Parents running in circles for Zhu Zhu pets

By Ylan Q. Mui
Washington Post Staff Writer
Saturday, December 5, 2009

For decades, Russell Hornsby has pitted his small, family-run company against corporate titans such as Hasbro and Mattel, trying to conjure up the magic of the must-have Christmas toy. The basement of his home in St. Louis is filled with could-have-beens that he created and loved, even if sometimes no one else did.

Until now.

Hornsby bet big this year on a toy version of the one pet that he figured kids loved and parents hated: messy, squeaky, small-brained hamsters. He called them Zhu Zhus. You know what happened next.

Parents stood outside in the cold in the wee hours of Black Friday for the chance to bring one home. One mom programmed the Toys R Us phone number into her cellphone so she could check availability on her way to work. EBay opportunists are selling the $10 toys for $50 or more. Wal-Mart is flying the hamsters in from China on 747s and expects to stock close to a million more by Christmas. Industry experts estimate that Hornsby's company will rake in $70 million, more than triple original projections.

"We are completely humbled by it," said Natalie Hornsby, one of Russell Hornsby's daughters, who handles marketing and brand development.

A hot toy does not emerge every holiday season. There are perennial favorites such as Barbie and Legos, and even Guitar Hero. But only rarely does a toy engender mass hysteria, said Jim Silver, editor-in-chief of trade publication He equates Zhu Zhu pets with the Furby and Pokemon crazes, both nearly a decade ago. Before that, Tickle Me Elmo, and once upon a time, Cabbage Patch dolls. "When you really look at it, it's like owning a hamster," Silver said, with one important exception. "It doesn't die, and you don't have to have a funeral in the backyard."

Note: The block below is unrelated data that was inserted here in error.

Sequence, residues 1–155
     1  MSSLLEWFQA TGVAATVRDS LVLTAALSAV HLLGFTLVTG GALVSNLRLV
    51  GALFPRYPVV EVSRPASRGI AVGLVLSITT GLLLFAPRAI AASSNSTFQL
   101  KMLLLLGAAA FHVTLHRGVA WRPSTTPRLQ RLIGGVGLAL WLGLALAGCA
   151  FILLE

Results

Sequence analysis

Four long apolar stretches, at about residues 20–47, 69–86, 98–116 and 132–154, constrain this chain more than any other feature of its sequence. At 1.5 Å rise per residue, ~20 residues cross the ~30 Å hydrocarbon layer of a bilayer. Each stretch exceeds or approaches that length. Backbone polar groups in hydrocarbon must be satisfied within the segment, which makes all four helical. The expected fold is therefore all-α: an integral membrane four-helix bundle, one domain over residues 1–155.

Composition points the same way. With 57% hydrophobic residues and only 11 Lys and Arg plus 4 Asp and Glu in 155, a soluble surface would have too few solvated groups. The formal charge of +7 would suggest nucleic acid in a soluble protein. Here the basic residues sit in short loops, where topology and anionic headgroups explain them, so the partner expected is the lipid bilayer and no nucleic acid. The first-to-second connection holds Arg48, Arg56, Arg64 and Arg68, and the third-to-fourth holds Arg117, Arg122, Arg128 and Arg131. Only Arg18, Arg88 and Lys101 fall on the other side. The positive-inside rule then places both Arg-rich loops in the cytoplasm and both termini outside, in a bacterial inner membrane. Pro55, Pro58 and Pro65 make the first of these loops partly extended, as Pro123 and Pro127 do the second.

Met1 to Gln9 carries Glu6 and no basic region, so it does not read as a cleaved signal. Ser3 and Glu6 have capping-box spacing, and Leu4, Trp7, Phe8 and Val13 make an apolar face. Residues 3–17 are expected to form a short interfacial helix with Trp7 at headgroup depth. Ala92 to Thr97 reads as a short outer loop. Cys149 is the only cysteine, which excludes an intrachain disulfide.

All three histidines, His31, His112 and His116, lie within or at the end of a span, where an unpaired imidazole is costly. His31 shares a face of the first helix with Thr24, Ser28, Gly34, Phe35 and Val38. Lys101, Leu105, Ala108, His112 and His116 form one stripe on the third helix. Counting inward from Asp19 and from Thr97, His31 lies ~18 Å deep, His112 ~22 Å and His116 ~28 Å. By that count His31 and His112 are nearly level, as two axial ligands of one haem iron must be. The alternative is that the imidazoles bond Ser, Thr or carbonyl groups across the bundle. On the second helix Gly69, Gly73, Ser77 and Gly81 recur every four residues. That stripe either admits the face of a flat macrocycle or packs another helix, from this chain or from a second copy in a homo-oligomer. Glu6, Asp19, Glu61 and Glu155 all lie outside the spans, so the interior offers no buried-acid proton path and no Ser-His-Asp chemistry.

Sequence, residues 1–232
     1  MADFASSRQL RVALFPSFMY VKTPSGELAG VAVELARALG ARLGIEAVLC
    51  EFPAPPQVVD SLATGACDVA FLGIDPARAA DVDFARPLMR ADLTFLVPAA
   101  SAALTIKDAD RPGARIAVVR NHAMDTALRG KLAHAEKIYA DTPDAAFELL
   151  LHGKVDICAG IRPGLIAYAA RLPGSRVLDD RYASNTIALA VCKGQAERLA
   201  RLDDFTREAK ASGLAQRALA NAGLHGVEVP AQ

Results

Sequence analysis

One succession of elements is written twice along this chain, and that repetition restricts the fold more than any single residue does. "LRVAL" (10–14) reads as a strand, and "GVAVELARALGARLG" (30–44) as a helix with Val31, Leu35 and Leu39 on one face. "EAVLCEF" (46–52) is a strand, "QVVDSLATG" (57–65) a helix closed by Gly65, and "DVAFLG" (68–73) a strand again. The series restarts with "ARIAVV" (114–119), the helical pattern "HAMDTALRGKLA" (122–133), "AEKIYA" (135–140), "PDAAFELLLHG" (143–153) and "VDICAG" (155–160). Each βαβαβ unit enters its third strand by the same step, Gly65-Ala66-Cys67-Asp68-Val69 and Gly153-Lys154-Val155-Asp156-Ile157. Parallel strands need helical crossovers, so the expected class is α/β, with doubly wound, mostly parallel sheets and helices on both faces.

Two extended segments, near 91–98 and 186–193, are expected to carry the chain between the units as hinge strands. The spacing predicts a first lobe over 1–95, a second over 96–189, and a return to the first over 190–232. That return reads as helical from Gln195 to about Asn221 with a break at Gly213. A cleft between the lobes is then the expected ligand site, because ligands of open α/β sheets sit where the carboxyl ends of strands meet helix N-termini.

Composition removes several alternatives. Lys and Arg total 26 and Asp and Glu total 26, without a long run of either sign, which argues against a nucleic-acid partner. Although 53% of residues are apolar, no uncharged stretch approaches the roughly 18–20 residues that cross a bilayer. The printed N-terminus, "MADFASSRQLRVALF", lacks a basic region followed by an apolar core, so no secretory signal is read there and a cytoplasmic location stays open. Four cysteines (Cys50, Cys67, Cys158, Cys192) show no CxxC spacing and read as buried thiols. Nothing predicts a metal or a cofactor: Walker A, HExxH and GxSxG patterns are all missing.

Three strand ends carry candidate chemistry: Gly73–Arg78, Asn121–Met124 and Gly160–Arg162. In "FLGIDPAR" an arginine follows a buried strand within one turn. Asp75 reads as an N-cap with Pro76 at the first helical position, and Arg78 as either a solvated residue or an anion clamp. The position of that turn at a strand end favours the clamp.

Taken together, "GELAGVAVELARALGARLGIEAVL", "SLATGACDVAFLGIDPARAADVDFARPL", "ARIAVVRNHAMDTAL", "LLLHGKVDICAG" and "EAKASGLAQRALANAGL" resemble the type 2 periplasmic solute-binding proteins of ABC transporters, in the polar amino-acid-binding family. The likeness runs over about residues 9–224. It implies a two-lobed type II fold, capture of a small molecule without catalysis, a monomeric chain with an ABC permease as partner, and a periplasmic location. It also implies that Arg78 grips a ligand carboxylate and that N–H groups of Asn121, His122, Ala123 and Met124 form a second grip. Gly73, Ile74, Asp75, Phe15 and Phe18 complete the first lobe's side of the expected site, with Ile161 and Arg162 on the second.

Zhu Zhus are among the top-five toys with the biggest sales growth this year, ranking alongside staples such as G.I. Joe and Crayola, according to market research firm NPD Group. However, Anita Frazier, an NPD analyst, calls it more of a fad than a trend and predicts the limited product line will be difficult to sustain over time. But for this year at least, the Hornsby family has hit it big.

Hornsby, who has been in the toy business for 35 years, founded his first toy company in 1989 called Trendmasters. He developed the successful Rumble Robots, small figures that fought each other. In 2002, he started a new company named Cepia with two of his daughters, Natalie and Ashley. Its most popular toy had been a light-up bear called Glo-E.

In the spring of 2008, Natalie Hornsby said, the family put on their thinking caps to begin the first of several brainstorming sessions. Natalie often wears a red Where's Waldo cap or a purple Mad Hatter hat for such meetings. Her dad is partial to a golfing cap. They debated the hamster.

They estimated the market for live pet hamsters at 45 million people. Hornsby watched hours of YouTube videos of hamsters running in a wheel, heading down a slide, just sitting there looking pretty darn cute. Gerbils were briefly mentioned as a companion but quickly dismissed. Hornsby felt hamsters in his gut.

Zhu Zhu is Chinese for, loosely translated, little piglet, Natalie Hornsby said. She said one of the keys to the Zhu Zhus' popularity is that they mimic the unpredictable nature of hamster behavior. Engineers programmed random responses into the toy. Usually it will climb up the ramp and go down the slide just fine on its own. But sometimes it gets stuck, and its head teeters out in an adorable fashion, and the child must give it a boost.

"That's a huge reward for the kid," Natalie Hornsby said. "It's not just a watch-me toy. We want to encourage the child to be active."

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